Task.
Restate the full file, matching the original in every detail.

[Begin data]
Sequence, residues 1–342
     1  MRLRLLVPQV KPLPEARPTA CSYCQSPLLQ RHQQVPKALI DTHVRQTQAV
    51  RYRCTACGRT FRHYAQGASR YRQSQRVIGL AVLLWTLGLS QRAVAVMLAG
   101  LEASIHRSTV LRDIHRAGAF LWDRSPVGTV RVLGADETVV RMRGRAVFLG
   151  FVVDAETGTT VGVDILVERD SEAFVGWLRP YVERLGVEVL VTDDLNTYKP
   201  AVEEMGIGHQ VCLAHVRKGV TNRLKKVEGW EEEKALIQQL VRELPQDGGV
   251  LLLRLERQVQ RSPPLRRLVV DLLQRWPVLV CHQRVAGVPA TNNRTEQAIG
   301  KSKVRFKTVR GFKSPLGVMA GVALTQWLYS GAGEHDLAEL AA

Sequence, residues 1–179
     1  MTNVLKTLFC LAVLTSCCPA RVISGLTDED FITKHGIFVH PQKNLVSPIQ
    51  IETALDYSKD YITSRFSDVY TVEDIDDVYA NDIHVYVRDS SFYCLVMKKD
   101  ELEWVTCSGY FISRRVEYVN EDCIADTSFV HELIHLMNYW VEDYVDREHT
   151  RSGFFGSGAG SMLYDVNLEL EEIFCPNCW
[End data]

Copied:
Sequence, residues 1–342
     1  MRLRLLVPQV KPLPEARPTA CSYCQSPLLQ RHQQVPKALI DTHVRQTQAV
    51  RYRCTACGRT FRHYAQGASR YRQSQRVIGL AVLLWTLGLS QRAVAVMLAG
   101  LEASIHRSTV LRDIHRAGAF LWDRSPVGTV RVLGADETVV RMRGRAVFLG
   151  FVVDAETGTT VGVDILVERD SEAFVGWLRP YVERLGVEVL VTDDLNTYKP
   201  AVEEMGIGHQ VCLAHVRKGV TNRLKKVEGW EEEKALIQQL VRELPQDGGV
   251  LLLRLERQVQ RSPPLRRLVV DLLQRWPVLV CHQRVAGVPA TNNRTEQAIG
   301  KSKVRFKTVR GFKSPLGVMA GVALTQWLYS GAGEHDLAEL AA

Sequence, residues 1–179
     1  MTNVLKTLFC LAVLTSCCPA RVISGLTDED FITKHGIFVH PQKNLVSPIQ
    51  IETALDYSKD YITSRFSDVY TVEDIDDVYA NDIHVYVRDS SFYCLVMKKD
   101  ELEWVTCSGY FISRRVEYVN EDCIADTSFV HELIHLMNYW VEDYVDREHT
   151  RSGFFGSGAG SMLYDVNLEL EEIFCPNCW